Different kinds of graphs require different kinds of implementations, but the fundamental concepts of all graph implementations are similar. We'll look at several representations for one particular kind of graph: directed graphs in which loops are allowed.

Representing Graphs with an Adjacency Matrix

Definition:

  • An adjacency matrix is a square grid of true/false values that represent the edges of a graph.
  • If the graph contains n vertices, then the grid contains n rows and n columns.
  • For two vertex numbers i and j, the component at row i and column j is true if there is an edge from vertex i to vertex j; otherwise, the component is false.

We can use a two-dimensional array to store an adjacency matrix:

boolean[][] adjacent = new boolean[4][4];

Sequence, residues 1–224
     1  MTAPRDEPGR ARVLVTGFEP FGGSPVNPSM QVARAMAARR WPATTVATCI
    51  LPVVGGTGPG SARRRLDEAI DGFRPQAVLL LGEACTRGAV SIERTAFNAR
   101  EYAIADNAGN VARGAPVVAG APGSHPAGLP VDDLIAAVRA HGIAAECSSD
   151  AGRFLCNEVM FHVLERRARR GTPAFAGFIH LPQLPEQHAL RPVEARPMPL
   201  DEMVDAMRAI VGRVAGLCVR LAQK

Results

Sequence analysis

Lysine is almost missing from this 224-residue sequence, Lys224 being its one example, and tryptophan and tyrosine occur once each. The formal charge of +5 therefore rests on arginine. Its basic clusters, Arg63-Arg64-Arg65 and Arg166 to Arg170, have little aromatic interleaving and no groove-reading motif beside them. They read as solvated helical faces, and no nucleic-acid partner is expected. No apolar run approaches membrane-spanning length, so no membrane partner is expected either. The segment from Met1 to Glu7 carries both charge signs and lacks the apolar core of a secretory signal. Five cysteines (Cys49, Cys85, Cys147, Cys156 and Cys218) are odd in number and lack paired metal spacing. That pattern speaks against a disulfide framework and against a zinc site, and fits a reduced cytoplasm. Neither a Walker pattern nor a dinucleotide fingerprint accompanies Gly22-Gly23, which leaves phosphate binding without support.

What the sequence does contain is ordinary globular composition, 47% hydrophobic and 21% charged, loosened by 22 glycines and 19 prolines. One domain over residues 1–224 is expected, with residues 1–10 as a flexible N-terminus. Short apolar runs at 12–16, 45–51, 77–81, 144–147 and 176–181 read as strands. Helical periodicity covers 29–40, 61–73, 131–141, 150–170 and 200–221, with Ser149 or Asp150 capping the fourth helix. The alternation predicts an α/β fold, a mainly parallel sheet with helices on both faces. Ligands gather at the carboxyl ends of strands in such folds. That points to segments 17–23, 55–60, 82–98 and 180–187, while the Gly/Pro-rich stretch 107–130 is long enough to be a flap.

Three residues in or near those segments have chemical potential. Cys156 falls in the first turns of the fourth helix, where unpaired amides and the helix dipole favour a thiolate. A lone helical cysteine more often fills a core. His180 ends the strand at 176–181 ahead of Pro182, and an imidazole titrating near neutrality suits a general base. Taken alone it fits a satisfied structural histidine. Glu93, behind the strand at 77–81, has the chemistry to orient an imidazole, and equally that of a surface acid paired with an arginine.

Once the adjacency matrix has been set, an application can examine locations of the matrix to determine which edges are present and which are missing.

Representing Graphs with Edge Lists

Definition:

  • A directed graph with n vertices can be represented by n different linked lists.
  • List number i provides the connections for vertex i.
  • For each entry j in list number i, there is an edge from i to j.

Loops and multiple edges could be allowed.

Representing Graphs with Edge Sets

To represent a graph with n vertices, we can declare an array of n sets of integers. For example:

IntSet[] connections = new IntSet[10]; // 10 vertices

A set such as connections[i] contains the vertex numbers of all the vertices to which vertex i is connected.

Which Representation is Best?

If the space is available, then an adjacency matrix is easier to implement and is generally easier to use than edge lists or edge sets.

There are also other considerations:

  1. Adding or removing edges
  2. Checking whether a particular edge is present